« Reply #3 on: February 16, 2015, 01:18:08 PM »
Since it sounds like you're early in your career, have you had time to travel the states and see everything before you make a decision on where to settle for the next 5-10 years? Austin is as good of a choice as any in my opinion but just curious.

$800 for a room in Austin sounds too steep to me. You could have your own place for just a few hundred bucks more. Just perusing Craigslist, I see many sub $600 options. Take one of those, save up $100k and then decide where to put your money.

renter4evah?

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Re: Reader Case Study -- Can I afford to buy a house?
« Reply #4 on: February 16, 2015, 01:32:37 PM »
Hi! Thanks for the responses. Sorry I left out so much info!

My credit union, where I prequalified, said I'd be approved for $175,000 at 3.675%, but I am targeting $150,000 or less. I'm told that it will be difficult to find a house at this price point in Austin. Inventory is low right now and the market is hot. My take-home pay after deductions for insurance, taxes, and 401(k) is $3,064. Of that, I have $400 directly deposited into a Roth IRA, so I see $2664/month. The property tax rate in Austin proper is 2.38%.

I work in publishing, so I'm never really sure of my job. I've been working in this industry for 7.5 years.

I am not married and not planning to have kids, but I do hope to get married in the next few years. (This is why I expect my position to change in approx 3 years, and I'm thinking about this in terms of investment as much as I am in terms of a home.)

Finally, I'm not really interested in renting a room in someone else's house. My rent now is $800 because there are two of us sharing a house rental for $1600. If I could afford to rent my own house, I would do that, but that's way too much money.

JLee

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Re: Reader Case Study -- Can I afford to buy a house?
« Reply #5 on: February 16, 2015, 01:35:09 PM »
Hi! Thanks for the responses. Sorry I left out so much info!

My credit union, where I prequalified, said I'd be approved for $175,000 at 3.675%, but I am targeting $150,000 or less. I'm told that it will be difficult to find a house at this price point in Austin. Inventory is low right now and the market is hot. My take-home pay after deductions for insurance, taxes, and 401(k) is $3,064. Of that, I have $400 directly deposited into a Roth IRA, so I see $2664/month. The property tax rate in Austin proper is 2.38%.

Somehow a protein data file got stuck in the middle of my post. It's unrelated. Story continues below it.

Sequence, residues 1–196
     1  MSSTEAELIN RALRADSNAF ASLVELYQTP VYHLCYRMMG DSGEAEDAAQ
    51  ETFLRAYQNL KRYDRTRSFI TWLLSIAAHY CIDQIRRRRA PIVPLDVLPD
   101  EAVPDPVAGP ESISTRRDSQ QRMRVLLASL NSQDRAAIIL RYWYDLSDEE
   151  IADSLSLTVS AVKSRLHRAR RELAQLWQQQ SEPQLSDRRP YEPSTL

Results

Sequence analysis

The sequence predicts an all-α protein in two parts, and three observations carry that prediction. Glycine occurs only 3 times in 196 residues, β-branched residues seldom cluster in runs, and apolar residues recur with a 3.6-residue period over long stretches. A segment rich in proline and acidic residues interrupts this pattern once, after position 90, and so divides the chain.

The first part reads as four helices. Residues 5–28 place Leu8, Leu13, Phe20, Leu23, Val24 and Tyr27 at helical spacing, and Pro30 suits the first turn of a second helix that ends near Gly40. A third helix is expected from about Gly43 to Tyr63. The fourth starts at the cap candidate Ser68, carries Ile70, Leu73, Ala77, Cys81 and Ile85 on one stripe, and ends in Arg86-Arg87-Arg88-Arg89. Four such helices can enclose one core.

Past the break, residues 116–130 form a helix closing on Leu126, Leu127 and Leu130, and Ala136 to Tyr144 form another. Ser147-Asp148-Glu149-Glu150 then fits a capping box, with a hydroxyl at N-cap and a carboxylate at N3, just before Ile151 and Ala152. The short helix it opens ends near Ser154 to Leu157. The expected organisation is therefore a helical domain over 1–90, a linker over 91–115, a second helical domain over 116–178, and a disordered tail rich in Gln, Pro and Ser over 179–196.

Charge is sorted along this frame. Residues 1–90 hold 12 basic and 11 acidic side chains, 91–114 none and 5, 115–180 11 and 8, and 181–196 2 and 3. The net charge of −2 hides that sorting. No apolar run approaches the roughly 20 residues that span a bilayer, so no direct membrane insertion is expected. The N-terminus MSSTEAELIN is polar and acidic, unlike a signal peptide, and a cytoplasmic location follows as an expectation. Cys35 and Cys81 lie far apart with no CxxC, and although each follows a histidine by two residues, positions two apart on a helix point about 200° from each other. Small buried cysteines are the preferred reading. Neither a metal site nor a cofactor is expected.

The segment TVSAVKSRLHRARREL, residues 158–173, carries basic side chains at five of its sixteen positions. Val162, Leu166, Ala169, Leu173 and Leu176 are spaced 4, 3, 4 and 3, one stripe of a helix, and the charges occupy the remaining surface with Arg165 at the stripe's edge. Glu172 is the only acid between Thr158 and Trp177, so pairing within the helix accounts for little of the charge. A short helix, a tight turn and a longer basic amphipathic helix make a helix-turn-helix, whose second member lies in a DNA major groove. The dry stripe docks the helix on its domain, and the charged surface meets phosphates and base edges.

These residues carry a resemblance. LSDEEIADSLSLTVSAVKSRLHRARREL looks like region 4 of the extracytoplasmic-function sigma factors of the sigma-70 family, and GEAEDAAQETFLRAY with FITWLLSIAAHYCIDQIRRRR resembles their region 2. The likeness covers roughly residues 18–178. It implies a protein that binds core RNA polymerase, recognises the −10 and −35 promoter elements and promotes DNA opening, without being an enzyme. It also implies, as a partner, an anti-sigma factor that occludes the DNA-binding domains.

I work in publishing, so I'm never really sure of my job. I've been working in this industry for 7.5 years.

I am not married and not planning to have kids, but I do hope to get married in the next few years. (This is why I expect my position to change in approx 3 years, and I'm thinking about this in terms of investment as much as I am in terms of a home.)

Finally, I'm not really interested in renting a room in someone else's house. My rent now is $800 because there are two of us sharing a house rental for $1600. If I could afford to rent my own house, I would do that, but that's way too much money.
Are you open to renting a room in a house that you buy? If that's the case, and if you can get $800 + 1/2 utilities from a roommate (that sounds incredibly high to me but I'm in Phoenix, houses are cheap here), it may be cheaper to buy (excepting down payment).

renter4evah?

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Re: Reader Case Study -- Can I afford to buy a house?
« Reply #6 on: February 16, 2015, 01:39:16 PM »
I would be willing to have a roommate, but I want to make sure I'm not in a position where I have to have one just to make ends meet.

Check2400

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Re: Reader Case Study -- Can I afford to buy a house?
« Reply #7 on: February 16, 2015, 02:31:33 PM »